Published by: Ingrid King. Last Updated on: June 29, 2023 by Crystal Uys


Even if our cats live into their late teens and sometimes early twenties, it’s just not long enough. The price we pay for sharing our lives with these wonderful companions is that all of us who considers our cats family members or best friends will sooner or later experience the pain of loss, and it can be as devastating as the loss of any loved one.

There are any number of books on pet loss on the market, but until now, there wasn’t a book that addresses the issue of pet loss specifically from a cat guardian’s perspective. In Soul Comfort for Cat Lovers: Coping Wisdom for Heart and Soul After the Loss of a Beloved Feline, Liz Eastwood provides a roadmap for the journey through grief.

Liz weaves her own experience with grief together with expert advice from grief counselors and stories from other cat lovers. The end result is a manual on how to navigate through grief in a way that not only soothes the pain, but also provides healing beyond just “getting through.”

The book is divided into two parts. In Part One, Eastwoold provides practical advice ranging from how to get through the first few days and weeks and how to continue to function at work to taking care of yourself physically. She offers suggestions for rituals to honor and celebrate your lost cat’s life. I particularly liked the section titled “Choosing Continued Connection Instead of ‘Closure'” – because let’s face it, there’s no such thing as closure. We never “get over” these losses, the best we can hope for is that we learn to incorporate the love for our lost cats into our lives in a meaningful way.

In Part Two, Liz explores the possibility that death is not the end. She examines the topic from a spiritual perspective and with an open mind, without applying any dogma or belief system. “When my feline soul mate Bastet died, my relationship with her illness, and her dying process, were all so intense that it was like I became aware of death for the first time,” writes Eastwood. “And. Death. Suddenly. Terrified. Me.”

Cat sleeping while woman owner reads book
Image Credit: Ilike, Shutterstock

Eastwood felt that she had two choices. “I could either become permanently, tragically disappointed in the universe itself….or I could try to recover the best of me, try to rediscover the sense of wonder and optimism I used to have about the Mystery of Life.” I addition to the spiritual component, she presents scientific research that suggests that there is more to life and death than we think we know, and she ultimately finds comfort in her findings – and so will the reader.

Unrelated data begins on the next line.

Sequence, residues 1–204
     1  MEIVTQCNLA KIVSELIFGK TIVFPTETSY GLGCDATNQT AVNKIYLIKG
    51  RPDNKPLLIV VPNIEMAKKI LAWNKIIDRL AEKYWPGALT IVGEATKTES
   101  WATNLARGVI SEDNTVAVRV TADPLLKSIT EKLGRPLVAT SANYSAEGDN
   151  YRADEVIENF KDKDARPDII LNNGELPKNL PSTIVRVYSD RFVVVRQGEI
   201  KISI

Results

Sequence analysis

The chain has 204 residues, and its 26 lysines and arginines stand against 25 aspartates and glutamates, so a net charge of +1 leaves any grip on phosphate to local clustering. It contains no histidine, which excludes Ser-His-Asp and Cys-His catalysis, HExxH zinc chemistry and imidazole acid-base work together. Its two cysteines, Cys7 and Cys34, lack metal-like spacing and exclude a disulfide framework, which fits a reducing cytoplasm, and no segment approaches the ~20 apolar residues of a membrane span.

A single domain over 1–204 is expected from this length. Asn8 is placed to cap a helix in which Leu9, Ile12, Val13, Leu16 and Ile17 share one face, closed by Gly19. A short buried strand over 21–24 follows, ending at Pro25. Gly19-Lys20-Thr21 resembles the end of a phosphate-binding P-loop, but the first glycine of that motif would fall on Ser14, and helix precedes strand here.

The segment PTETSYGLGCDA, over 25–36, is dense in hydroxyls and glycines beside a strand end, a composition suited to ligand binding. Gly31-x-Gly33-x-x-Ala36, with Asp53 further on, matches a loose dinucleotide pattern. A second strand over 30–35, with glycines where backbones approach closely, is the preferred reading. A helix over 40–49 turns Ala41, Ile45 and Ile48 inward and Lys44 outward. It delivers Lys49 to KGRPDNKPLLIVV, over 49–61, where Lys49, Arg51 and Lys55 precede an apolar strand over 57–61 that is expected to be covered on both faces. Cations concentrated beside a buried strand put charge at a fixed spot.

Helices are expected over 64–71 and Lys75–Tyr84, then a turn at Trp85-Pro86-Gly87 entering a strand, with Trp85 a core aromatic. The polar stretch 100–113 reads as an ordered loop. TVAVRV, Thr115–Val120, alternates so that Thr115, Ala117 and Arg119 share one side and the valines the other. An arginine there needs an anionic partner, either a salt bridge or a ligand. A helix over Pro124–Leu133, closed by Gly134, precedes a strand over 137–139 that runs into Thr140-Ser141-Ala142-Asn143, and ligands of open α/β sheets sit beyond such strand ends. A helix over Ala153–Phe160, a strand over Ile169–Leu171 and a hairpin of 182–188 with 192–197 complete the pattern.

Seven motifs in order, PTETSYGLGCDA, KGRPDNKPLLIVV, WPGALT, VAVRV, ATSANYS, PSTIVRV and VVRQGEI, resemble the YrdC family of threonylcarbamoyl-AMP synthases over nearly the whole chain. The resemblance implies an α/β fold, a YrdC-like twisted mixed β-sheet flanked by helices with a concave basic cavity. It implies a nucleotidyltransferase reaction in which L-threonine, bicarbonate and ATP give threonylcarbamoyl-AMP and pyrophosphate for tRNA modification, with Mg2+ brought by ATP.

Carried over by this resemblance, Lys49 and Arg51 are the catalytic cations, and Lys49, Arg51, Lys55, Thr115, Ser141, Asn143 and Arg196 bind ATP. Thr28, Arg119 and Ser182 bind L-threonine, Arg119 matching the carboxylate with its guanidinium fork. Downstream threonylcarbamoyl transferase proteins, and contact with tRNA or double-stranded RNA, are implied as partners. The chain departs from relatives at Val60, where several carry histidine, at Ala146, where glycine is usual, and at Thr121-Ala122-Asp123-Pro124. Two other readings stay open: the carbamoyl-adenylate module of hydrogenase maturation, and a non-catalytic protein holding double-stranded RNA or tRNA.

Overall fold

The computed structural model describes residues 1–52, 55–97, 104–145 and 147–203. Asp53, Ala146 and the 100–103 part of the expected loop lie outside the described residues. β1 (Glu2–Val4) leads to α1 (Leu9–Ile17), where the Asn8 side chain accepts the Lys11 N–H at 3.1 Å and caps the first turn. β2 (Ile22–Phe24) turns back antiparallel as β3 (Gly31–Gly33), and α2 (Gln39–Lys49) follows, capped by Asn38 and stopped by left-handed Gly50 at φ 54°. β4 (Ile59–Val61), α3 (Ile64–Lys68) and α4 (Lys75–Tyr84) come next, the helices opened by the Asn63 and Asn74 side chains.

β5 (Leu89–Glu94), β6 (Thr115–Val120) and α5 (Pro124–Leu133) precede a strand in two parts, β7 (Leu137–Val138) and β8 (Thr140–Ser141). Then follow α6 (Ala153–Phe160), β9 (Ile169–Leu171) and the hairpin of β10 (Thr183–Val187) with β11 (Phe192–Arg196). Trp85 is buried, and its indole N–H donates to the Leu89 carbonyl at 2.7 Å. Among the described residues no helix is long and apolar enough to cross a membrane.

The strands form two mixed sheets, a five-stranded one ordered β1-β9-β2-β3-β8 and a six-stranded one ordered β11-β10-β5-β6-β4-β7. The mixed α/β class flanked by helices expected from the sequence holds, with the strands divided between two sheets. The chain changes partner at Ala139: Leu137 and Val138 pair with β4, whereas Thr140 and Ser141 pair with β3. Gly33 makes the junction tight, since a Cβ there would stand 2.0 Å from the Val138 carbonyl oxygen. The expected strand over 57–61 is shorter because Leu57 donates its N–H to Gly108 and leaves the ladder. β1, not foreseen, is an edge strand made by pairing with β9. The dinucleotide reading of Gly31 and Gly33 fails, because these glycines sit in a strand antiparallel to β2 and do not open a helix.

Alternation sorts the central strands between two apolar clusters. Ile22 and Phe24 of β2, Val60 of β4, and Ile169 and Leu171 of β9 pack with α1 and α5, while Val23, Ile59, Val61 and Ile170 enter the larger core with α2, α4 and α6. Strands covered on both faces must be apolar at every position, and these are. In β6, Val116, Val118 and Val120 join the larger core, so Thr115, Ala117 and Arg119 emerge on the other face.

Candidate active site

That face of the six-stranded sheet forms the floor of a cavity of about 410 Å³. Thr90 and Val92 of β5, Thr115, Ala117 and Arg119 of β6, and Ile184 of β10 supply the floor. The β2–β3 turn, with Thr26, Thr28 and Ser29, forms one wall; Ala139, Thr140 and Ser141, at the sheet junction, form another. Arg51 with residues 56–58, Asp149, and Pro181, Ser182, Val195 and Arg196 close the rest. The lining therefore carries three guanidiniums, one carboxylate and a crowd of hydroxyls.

“…if you can still feel connected to your loved one who has died, why not embrace that? If you, in your heart of hearts, envision being with them again someday, why not allow that possibility?”

She concludes that there is a way to change your life for the better through grief – a concept I wholeheartedly embrace. I’m flattered that Liz chose to quote me on this topic in the book’s final chapter (from my article Coping with unexpected loss: a personal journey):

“Grief can be a transformational experience.  It rips your heart wide open, and you’ll never be the same. It’s up to each individual whether they’ll choose to let grief destroy them, or whether they’ll do the challenging and difficult work that will ultimately allow it to be transformed into personal growth and expansion.”

This book is more than just another book on pet loss. Reading this book is like talking to a friend who knows you almost better than you know yourself. It provides comfort and hope for anyone going through the agony of grief after losing a beloved cat, but it doesn’t stop at just helping you through the grief. It offers healing on a deep level, and it will help you find an even deeper connection to your lost loved ones.

Liz Eastwood, CNC publishes the popular Natural Cat Care Blog with the tagline “Never say just a cat.” She has worked for bestselling health & wellness author Julia Ross and was a writer for Apple for many years. She holds a certification in holistic nutrition and a degree in psychology with an English minor. She has a habit of collecting experiences and facts that challenge the notion of an indifferent universe. For more information about Liz, please visit

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